You’ll notice that pregnancy was our main worry and there was much less stress about STIs. I can’t recall ever worrying about HIV. Why? I think because pregnant teens were something we could see all around us, but STIs, HIV, were invisible. Without ever being taught about sexually transmitted infections, why would we think about them? It was like we had this book and we knew there were important things inside, but no one had taught us to read. The importance of inclusive and comprehensive sexuality education led me to interning at SIECUS which eventually brought me to AIDS United.

Where I am going? After month at home with friends and family, I will be moving to Kenya for twenty-seven months as a Peace Corps Science Education Volunteer. Much of my reasons for joining the Peace Corps have to do with my interest in health and communities and how they intersect. I come to health, as well as HIV, from the perspective of social justice. As I face this great unknown of the future, there are some things I know I can bring from my experience at AIDS United. Inevitably, my career will involve some aspect of HIV education and I look forward to using some of the knowledge I’ve acquired at AU.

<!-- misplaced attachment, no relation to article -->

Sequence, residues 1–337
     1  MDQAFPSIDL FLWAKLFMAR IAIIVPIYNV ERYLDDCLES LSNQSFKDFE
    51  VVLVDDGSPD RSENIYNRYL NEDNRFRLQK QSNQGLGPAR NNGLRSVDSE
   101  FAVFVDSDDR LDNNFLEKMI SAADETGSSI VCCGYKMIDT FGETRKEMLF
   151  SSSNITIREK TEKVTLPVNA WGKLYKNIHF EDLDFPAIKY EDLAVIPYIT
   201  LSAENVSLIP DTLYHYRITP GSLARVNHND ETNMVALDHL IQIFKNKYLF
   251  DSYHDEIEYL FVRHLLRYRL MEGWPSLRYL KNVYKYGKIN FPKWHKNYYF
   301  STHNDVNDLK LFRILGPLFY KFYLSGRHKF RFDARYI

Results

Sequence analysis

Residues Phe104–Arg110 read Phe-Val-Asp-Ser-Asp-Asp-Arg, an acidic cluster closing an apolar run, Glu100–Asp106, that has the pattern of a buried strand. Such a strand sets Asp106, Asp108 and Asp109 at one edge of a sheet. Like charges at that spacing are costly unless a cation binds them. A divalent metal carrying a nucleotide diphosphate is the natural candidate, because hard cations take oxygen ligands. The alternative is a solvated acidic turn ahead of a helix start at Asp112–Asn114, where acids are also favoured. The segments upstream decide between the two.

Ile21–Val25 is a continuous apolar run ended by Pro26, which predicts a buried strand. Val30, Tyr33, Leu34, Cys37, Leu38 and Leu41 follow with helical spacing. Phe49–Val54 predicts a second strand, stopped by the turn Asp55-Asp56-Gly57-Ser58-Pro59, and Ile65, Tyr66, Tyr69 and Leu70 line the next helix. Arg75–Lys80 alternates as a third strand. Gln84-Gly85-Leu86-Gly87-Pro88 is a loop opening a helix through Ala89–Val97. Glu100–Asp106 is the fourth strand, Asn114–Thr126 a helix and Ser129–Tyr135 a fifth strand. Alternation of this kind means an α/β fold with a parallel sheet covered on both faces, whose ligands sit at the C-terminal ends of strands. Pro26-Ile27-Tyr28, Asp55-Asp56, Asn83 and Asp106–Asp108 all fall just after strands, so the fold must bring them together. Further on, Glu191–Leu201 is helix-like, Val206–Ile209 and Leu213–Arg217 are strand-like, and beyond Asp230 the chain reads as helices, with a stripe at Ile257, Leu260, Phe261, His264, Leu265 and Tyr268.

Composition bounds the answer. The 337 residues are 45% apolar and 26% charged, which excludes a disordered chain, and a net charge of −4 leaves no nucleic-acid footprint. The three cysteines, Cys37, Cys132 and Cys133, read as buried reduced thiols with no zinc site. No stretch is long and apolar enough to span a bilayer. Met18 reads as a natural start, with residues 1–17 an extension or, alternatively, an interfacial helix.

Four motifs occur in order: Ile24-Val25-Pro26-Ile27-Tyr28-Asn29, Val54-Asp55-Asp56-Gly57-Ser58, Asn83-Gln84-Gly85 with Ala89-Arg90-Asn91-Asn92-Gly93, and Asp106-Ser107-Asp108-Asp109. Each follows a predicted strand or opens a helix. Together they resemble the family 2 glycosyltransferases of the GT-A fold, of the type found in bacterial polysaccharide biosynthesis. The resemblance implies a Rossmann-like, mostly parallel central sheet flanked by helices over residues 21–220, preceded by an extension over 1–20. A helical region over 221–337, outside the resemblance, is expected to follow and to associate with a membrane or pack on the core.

The point I’m trying to get at conveying my past and my future is that they illustrate to me how the work I will do and the work I wish someone had done for me connect to what I’ve done this past year. Both of these stories are “on the ground” as opposed to the seemingly removed politics of Capitol Hill. But policy and advocacy forms both. I came to D.C. not realizing that my interest was in policy. What I did know, though, was that the problems I faced and others faced were not my individual problems, but the result of a more structural society level problem and it turned out that policy and advocacy addresses those issues. It reminds me of the feminist phrase “the personal is political,” a concept that should ring true with all communities concerned with social justice. As I move on to work where I will not have a political voice (Peace Corps maintains an apolitical presence in the countries where it exists), the same tenets still hold true. Our problems, the problems of individuals, can only be solved by community action and change. Our work, as individuals, is only part of a greater picture that we cannot detach ourselves from. Though many of us work or live removed from policy, it’s important to remember how intricately tied we are to the politics and policy made here in D.C., in our states, and in our local communities—and make our voice heard. In other words, the political, trust me, will get personal.

Post a Comment

We'd love to hear what you think about this piece! Submit your comments below and join the discussion.

You must be logged in to post a comment.

< Back to the blog